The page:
Did you hear that?

We’re here to tell Yahoo! Sports that there’s a homophonic error here:

were hear spo

Completely, totally, wholly mammoths

Holy moley! A complete mammoth has been spotted in Siberia, and Yahoo! News‘ “The Sideshow” has the deets:

The Wholly mammoth seems to look a lot like a woolly mammoth:

The similarities are so eerie that I’m beginning to think that the writer is an idiot and just doesn’t know how to spell woolly mammoth:

If you believe everything you hear or read, you should not be reading anything written by a Yahoo! reporter. You’ll wind up thinking that omitting words is OK, that here is what you do with your ears, and that had began is grammatically correct:

How to make Michele Bachmann sound even dumber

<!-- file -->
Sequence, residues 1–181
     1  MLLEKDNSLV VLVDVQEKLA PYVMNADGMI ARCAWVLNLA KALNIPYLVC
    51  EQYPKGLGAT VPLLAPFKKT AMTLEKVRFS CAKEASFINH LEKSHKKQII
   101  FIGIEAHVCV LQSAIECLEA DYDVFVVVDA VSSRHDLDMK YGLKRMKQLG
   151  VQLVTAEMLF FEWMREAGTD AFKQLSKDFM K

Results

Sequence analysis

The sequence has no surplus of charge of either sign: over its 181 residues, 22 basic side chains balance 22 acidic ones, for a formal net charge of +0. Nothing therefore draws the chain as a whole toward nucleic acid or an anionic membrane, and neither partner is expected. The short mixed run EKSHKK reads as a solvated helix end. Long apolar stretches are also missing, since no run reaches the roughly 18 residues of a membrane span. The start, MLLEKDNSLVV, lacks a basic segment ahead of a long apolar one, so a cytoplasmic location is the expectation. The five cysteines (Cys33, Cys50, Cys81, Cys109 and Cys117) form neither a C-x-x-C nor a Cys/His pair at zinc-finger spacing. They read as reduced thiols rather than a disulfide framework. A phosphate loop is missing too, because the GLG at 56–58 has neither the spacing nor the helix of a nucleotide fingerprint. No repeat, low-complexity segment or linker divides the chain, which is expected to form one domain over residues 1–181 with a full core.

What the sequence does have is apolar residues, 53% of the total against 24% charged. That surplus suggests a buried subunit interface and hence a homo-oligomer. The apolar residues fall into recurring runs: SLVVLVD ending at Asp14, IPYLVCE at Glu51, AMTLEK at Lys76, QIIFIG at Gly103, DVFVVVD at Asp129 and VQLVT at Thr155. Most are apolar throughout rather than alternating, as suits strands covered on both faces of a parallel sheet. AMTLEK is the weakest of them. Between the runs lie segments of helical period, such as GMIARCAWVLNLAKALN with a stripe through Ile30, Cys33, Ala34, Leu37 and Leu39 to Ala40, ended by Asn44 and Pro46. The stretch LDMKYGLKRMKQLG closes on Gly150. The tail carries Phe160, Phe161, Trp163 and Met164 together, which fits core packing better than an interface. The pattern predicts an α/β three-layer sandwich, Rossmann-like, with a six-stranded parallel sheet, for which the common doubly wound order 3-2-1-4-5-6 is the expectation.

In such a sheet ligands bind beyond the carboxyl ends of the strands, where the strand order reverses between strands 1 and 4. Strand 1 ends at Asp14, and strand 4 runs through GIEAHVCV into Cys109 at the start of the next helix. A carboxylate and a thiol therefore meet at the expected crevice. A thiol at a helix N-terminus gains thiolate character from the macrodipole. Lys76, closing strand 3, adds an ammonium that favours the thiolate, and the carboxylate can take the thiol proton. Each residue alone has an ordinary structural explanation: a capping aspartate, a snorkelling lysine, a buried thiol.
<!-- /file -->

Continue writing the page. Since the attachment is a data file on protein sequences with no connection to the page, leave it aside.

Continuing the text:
If Michele Bachmann had written this, I think I would have overlooked it. But it was transcribed by the reporter for Yahoo! News‘ “The Ticket,” who has a little problem choosing the correct homophone:

I never thought I would read these words

There’s an error born every minute on Yahoo!. I never thought I would see this, but here it is on Yahoo! TV‘s “Daytime in No Time”:

Now hear this here

Here is an example of a homophonous error:  


I hear tell it’s not unusual to find this kind of error on Yahoo! Shine.

Hear, hear. Not here

Aw-righty, let’s take a look at this sentence from Yahoo! Shine:


Do you object to the use of alright, which is considered “nonstandard”? The excruciatingly correct expression is all right, but in informal writing such as a blog, alright is probably all right. Of course, the writer who uses nonstandard English runs the risk of being considered rebellious or illiterate by some grammar conservatives.

There’s no question that the redundant a a is incorrect and that the word here here should be hear:


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